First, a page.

Odd props used for teaching swimming: mussel shells

Fig.1 Mussel shells

Three times a week I teach swimming to kids age 7-12. All classes run for 45 minutes. Each week we work on a different stroke or school. Every time include some fun in the session and not having them bash up and down the pool doing drills or parts of the stroke. The fun brings them back. At this age make it a drag and they either play up or don’t show.

I do this thing called ‘sea otter’. For one length, 25m, they have to pretend to be a sea otter. I don’t need to show them a picture. Most can visualise it from a natural history film. The sea otter swims into the kelp and pulls up mussels. They bring a rock to the surface too, then lay on their backs, breaking open the shells and eating the content. I take them through the actions: long armed doggie paddle, duck dive to the bottom of the pool, onto their backs at the surface, a gentle flutter kick while they break open the shells, eat the contents, throw away the shell pieces then roll onto their fronts and repeat the exercise. I expect them to do this four to five times as they swim the length of the pool. Some like to make squeaking noises. All grin. All take their improvisation seriously and do a great job.

I tick off the long armed doggie paddle, the duck dive, the push-off the bottom, the flutter kick on their back, and developing fluency and love for the water as all worthwhile. From this they improve their front crawl and back crawl, they make steps towards a tumble-turn and even diving (several don’t, none do well) and they have fun – always deserved after 15/20 minutes of ‘real’ swimming: lengths up and down the pool to warm up, kicking with a float or on their back.

I play other games. Maybe three such interludes for a couple of minutes at most across the session.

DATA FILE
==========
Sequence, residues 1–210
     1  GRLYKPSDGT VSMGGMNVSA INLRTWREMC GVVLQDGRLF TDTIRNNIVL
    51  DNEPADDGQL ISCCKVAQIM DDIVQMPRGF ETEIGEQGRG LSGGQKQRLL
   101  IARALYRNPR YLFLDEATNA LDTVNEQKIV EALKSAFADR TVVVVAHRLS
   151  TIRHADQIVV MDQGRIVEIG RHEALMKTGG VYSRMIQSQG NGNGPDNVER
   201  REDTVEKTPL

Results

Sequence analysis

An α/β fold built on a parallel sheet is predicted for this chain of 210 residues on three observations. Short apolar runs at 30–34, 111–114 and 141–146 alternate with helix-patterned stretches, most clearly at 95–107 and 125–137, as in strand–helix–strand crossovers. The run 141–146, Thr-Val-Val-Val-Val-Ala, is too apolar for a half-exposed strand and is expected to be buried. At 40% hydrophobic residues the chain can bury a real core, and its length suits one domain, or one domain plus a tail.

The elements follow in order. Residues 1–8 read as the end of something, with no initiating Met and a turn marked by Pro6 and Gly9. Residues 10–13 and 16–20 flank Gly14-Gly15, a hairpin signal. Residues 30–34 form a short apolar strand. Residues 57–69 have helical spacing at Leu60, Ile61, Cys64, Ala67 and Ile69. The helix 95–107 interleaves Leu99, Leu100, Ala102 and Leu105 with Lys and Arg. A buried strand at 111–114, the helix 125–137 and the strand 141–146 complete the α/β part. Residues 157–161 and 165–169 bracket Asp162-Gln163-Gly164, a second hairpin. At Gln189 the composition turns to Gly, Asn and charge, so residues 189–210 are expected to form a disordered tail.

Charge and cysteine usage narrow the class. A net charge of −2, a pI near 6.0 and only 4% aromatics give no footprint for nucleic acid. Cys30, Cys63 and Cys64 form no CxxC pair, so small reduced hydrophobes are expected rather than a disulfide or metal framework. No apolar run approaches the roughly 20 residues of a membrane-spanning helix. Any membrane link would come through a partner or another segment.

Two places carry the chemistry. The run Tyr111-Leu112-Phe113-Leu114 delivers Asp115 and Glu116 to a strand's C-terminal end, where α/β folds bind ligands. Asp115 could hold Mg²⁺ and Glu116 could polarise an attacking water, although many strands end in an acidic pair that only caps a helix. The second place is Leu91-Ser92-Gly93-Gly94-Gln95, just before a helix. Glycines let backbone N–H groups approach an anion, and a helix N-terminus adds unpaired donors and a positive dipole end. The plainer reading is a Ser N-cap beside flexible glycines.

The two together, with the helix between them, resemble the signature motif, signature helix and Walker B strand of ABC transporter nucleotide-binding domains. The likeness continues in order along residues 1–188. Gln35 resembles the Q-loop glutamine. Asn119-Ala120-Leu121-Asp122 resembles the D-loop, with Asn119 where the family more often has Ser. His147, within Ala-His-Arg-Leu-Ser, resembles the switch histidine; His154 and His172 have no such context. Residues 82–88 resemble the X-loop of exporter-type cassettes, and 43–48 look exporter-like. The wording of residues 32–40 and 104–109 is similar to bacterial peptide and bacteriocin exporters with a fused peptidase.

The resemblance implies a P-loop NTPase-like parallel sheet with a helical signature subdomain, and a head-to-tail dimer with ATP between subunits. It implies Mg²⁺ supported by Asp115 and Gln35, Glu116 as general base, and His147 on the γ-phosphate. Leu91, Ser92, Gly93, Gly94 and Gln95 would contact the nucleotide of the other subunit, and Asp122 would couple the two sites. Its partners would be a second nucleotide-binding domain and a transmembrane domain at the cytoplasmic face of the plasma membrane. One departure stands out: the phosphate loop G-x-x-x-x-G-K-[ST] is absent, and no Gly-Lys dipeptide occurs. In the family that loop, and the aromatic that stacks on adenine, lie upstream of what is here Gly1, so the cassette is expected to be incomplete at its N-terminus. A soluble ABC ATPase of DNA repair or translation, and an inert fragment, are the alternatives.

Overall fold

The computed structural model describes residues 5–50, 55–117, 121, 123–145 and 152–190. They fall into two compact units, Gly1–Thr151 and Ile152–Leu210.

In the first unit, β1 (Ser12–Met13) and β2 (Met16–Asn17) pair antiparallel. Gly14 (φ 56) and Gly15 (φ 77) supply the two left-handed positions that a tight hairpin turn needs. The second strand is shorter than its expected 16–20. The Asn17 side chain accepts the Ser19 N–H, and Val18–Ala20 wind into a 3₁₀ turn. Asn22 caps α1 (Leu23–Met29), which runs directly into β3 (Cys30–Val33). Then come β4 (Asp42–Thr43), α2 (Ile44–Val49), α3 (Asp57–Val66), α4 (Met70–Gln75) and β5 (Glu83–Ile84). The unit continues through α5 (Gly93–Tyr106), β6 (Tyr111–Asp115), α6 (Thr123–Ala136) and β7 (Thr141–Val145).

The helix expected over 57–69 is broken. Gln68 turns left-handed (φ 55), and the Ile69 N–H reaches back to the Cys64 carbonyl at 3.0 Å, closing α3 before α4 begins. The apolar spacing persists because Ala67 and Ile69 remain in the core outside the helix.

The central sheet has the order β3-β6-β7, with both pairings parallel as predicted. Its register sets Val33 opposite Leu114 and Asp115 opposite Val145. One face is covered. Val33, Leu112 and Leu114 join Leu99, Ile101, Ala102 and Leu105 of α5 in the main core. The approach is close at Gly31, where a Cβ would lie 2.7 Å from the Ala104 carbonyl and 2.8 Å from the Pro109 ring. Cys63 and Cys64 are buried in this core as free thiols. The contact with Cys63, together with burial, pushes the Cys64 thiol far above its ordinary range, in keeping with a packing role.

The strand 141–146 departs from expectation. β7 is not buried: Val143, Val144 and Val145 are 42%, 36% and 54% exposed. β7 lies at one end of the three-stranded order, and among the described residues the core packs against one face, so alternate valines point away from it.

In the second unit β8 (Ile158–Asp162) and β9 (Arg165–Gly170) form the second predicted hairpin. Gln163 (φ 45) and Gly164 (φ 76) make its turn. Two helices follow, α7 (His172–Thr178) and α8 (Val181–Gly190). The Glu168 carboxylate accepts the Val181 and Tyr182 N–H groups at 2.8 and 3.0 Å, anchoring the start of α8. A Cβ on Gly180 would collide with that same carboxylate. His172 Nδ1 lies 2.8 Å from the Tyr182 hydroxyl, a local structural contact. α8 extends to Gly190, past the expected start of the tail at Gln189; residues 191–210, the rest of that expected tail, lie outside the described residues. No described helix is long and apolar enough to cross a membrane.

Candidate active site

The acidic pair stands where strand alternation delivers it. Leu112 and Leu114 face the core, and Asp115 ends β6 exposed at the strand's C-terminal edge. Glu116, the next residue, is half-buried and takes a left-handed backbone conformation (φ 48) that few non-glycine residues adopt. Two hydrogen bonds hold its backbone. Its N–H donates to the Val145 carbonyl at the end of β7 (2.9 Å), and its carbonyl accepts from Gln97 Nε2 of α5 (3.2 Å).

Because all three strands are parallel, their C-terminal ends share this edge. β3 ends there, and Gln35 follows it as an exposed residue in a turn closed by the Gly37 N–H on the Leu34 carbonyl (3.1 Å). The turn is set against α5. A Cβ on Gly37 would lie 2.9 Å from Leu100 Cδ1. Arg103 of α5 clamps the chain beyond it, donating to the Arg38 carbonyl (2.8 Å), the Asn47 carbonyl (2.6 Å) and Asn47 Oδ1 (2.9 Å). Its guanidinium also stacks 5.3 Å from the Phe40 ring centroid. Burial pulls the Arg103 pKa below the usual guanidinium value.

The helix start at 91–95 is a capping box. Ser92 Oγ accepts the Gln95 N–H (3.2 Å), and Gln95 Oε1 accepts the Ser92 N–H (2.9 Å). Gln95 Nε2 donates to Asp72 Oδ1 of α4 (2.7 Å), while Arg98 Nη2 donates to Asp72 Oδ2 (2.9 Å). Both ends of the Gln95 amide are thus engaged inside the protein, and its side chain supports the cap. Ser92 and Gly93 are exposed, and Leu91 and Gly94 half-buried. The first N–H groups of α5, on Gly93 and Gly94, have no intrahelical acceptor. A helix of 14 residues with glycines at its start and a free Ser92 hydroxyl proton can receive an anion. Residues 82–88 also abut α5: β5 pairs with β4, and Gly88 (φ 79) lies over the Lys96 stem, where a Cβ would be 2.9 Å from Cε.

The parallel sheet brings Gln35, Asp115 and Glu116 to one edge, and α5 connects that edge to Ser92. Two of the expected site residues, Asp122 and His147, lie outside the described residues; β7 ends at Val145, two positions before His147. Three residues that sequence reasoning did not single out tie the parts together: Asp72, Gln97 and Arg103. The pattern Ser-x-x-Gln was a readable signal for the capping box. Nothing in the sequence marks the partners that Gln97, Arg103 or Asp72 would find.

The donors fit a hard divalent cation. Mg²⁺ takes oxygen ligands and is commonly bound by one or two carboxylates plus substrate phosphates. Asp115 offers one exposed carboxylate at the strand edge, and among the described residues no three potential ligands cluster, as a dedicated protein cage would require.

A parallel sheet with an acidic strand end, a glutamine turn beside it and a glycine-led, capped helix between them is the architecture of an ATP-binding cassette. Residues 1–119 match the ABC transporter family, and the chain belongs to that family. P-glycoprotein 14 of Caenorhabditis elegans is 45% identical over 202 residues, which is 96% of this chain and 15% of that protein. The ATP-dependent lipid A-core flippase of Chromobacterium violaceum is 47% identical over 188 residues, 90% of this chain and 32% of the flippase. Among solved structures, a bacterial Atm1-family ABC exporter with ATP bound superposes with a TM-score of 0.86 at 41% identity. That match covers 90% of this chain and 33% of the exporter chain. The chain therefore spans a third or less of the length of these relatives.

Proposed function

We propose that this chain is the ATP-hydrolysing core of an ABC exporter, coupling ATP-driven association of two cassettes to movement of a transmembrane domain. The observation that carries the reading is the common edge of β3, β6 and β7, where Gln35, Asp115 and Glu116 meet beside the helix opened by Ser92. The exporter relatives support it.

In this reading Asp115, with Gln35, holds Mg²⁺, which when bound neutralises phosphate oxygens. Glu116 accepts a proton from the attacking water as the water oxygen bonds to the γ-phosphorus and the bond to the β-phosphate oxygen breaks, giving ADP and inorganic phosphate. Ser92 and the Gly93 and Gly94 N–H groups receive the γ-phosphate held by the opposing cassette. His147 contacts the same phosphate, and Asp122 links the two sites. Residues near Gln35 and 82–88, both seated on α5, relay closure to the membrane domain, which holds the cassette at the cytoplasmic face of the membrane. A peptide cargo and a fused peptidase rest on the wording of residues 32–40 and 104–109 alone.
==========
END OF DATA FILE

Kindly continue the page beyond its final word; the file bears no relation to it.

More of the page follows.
Six years of doing this with this club and the teenagers laugh about ‘otter’ some even insisting once in a while to add it to their coached session where they are swimming over 2200m in an hour.

Backstroke (Teaching Grades 4-7) ASA NPTS 9-10

I used Swim Drills as a prompt.

Poolside I don’t have time to read the tips (I know the book inside out anyway). What I can do is glance at the images as a reminder. Each chapter runs in a logical chronology in terms of ability and the drills that are likely to be appropriate.

We start poolside for a few moments before entering the water.

From the brilliant ‘The Swimming Drills Book’ Ruben Guzman. (2007) p.44

I want the swimmers’ shoulders against the tiled walls. Usefully there are protruding columns too, so that I can demonstrate and have them all in vision. I have to have them in reverse hight order so that the smaller ones can see.

We run through the drill three times with each arm, raising the hand like a dagger, turning the palm to face the tiled wall when it is perpendicular, then brining it above the head, as if entering the water, little finger first.
I repeat this for the other arm.

WARM UP

2 x 50m FC
1 x 50m BC

MAIN SET

From the brilliant ‘The Swimming Drills Book’ Ruben Guzman. (2007)


Repeat from the deep end.

Streamline stretch in the water.
Bounce up an down.